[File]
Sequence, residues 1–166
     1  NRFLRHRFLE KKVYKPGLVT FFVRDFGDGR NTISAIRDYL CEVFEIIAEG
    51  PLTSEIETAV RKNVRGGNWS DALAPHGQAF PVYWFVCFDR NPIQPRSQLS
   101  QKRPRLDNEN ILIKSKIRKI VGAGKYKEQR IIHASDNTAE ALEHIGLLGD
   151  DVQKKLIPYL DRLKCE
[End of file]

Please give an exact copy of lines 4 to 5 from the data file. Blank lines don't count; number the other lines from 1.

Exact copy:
   101  QKRPRLDNEN ILIKSKIRKI VGAGKYKEQR IIHASDNTAE ALEHIGLLGD
   151  DVQKKLIPYL DRLKCE